it is possible to avoid the whole back-office/customer debate. With this
approach, the pieces that need it are re-engineered, one at a time, front-office
There's a catch
Of course, ERP vendors don't make it easy to implement one piece of back-office
functionality at a time. That's not how their systems were designed or
constructed. So they have a similar problem with customer-facing retrofits.
Vendors' track records on delivering component-based systems is roughly
analogous to OSFA's success in providing fiscal accountability.
Another pitfall of one-at-a-time retrofitting is an uneven user experience.
From screen to screen users are delighted with the new processes and disappointed
with the older ones that will eventually be fixed - they hope.
Fits and starts
New systems projects are by definition a political, financial and technical
struggle. The tendency to try to do too much, too fast, can dilute the
attention of senior management and spread critical resources too thin.
Given OSFA's broad set of targets such dilution is practically assured.
OSFA efforts still get passing grades, but not straight A's. Stanford
University's Maria Inciong has been working with financial aid technologies
for eleven years. She appreciates the fact that new and better technologies
for access, communication, and data transfer are the focus of OSFA's customer-facing
systems, but she's wary about the quality of what's going on behind the
"The whiz-bang technology is certainly compelling, but it shouldn't
be a preference over getting the foundation right," Inciong observes.
One of Inciong"s examples: access to the National Student Loan Data
System is better and easier than ever before with improved interfaces
and better usability, but she has doubts about the timeliness, and thus
the quality, of the data.
A real improvement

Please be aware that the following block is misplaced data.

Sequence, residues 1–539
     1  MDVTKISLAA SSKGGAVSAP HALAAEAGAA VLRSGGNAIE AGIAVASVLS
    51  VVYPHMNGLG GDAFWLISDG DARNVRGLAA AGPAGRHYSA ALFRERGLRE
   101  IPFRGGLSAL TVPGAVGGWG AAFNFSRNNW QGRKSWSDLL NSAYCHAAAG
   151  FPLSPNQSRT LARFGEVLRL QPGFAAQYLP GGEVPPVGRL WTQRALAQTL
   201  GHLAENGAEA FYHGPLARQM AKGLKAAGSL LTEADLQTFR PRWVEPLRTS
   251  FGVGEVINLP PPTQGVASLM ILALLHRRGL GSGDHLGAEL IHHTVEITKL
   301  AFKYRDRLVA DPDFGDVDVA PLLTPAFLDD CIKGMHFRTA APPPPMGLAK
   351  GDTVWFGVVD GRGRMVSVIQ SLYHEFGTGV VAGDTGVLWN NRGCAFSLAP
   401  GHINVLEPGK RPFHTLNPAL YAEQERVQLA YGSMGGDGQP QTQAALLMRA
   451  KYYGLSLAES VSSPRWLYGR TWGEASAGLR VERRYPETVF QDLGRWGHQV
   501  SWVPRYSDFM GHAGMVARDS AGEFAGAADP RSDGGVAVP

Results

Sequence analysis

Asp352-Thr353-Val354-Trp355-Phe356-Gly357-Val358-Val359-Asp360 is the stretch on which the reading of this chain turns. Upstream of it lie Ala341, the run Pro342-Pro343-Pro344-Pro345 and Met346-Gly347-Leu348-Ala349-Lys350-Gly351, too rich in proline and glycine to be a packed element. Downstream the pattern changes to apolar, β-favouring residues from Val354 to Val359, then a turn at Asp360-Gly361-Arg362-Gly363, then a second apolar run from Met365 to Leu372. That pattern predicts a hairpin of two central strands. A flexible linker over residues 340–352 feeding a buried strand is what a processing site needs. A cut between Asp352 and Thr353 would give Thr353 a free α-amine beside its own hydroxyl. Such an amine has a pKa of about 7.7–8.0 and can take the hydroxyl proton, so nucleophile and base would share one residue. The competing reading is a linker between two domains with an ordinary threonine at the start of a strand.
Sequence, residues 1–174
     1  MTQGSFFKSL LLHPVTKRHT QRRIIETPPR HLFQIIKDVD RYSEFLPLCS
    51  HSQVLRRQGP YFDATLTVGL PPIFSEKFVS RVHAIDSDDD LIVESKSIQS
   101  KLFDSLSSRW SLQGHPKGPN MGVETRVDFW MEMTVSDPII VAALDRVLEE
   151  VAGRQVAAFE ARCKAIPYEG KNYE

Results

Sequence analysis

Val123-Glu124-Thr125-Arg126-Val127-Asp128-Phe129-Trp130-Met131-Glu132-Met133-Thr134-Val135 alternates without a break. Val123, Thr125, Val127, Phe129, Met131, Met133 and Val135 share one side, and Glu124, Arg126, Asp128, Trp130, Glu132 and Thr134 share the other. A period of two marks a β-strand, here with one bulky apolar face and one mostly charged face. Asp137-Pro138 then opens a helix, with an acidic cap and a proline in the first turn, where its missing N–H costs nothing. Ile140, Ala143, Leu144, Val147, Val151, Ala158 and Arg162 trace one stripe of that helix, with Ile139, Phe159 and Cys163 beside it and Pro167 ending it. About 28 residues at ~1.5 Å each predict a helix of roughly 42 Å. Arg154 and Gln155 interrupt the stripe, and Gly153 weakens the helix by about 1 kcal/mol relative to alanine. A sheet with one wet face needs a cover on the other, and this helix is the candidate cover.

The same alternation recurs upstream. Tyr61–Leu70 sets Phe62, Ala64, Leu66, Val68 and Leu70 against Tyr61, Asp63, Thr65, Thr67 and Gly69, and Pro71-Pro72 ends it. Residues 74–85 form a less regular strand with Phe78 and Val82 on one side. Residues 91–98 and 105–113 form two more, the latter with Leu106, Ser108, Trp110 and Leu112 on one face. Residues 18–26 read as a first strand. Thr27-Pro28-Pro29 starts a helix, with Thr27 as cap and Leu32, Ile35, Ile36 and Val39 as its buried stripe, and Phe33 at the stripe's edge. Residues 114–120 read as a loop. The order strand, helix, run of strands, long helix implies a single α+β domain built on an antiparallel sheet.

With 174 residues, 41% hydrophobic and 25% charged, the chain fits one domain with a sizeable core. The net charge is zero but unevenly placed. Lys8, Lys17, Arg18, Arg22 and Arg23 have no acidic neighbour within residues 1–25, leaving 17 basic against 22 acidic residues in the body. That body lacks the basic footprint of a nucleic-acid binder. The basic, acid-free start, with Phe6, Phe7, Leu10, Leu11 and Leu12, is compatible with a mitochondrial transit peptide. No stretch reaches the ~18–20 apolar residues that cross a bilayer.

Despite the shortcomings, benefits are being realized. Inciong points
out that OSFA's initiatives have a by-product of improved communication
and collaboration between OSFA and its customers. "I'm not sure it
was intentional, but we work much closer with the Department of Education
on timing and proposed rules. That in turn, helps us serve our students
better,' says Inciong.
As for the efficacy of the PBO, Inciong hasn't seen dramatic results from
the revised organizational mission and reward programs. Indeed, she points
out that while changes are coming fast and furious, those with the greatest
impact came prior to 1998, or at least were in the planning stages then.
More to come
Roderick Paige, Secretary of Education, has announced the creation of
a working panel to create another blueprint, this one for management excellence.
In addition to continuing the modernization effort and making other offices
within the department of education more accountable, the goals of this
panel include getting clean audits from the agency's auditors, as well
as getting OSFA removed from the GAOs High Risk List.
If the PBO has bitten off more than it can chew, or has simply bitten
it off in the wrong order, then you wouldn't know it from their aggressive
plans. With five teams in place, each working on a number of significant
initiatives, the laundry list is long. Will something give? Pleasing the
customer is important, but pleasing Congress and the GAO may be mandatory.
Richard Jacik is president and co-founder of Information Methodologies,
Inc., higher education's leading enterprise web integrator. Contact him
at 703.435.0370 or via eMail at email@example.com.
OSFA's Team Initiatives OSFA's modernization blueprint describes five
newly created integrated product teams (IPTs). Each team is tasked with
modernizing, reengineering, designing, and implementing technology solutions
to support OSFA customers and internal processes. The IPTs and their responsibilities
Common Origination and Disbursement: Origination
and disbursement of federal Pell Grants and Direct Loans, and common reporting
standards for campus funds
Direct Loan Service Reengineering: Student
aid awareness and outreach, and the student profile database. Sunset of
the Central Data System (which has been in use since 1996)
Financial Partners Transformation: Lenders,
guaranty agencies, state agencies, secondary markets and services interaction,
data exchange, and interfaces
Portals: Web-enablement of key customer
processes including student and school access, applications, downloads,
and industry links
Financial Management Transformation: Financial
management system, best practices for financial organizations. Key customer
processes including student and school access, applications, downloads,
and industry links